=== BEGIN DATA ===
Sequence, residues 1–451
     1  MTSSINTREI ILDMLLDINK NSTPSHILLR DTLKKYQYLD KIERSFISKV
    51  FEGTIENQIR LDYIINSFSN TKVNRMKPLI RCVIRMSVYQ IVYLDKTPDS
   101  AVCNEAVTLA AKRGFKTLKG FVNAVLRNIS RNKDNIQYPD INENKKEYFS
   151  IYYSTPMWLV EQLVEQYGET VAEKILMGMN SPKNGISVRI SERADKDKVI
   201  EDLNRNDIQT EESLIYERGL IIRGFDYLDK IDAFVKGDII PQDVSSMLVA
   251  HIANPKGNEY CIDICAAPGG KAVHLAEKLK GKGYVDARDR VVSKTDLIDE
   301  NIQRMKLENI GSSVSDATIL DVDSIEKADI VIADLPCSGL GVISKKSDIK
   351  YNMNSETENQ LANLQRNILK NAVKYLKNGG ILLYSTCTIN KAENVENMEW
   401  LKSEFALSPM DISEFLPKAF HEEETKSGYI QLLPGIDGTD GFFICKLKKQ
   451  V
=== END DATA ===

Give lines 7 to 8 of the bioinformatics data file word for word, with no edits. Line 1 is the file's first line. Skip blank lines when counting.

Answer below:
   251  HIANPKGNEY CIDICAAPGG KAVHLAEKLK GKGYVDARDR VVSKTDLIDE
   301  NIQRMKLENI GSSVSDATIL DVDSIEKADI VIADLPCSGL GVISKKSDIK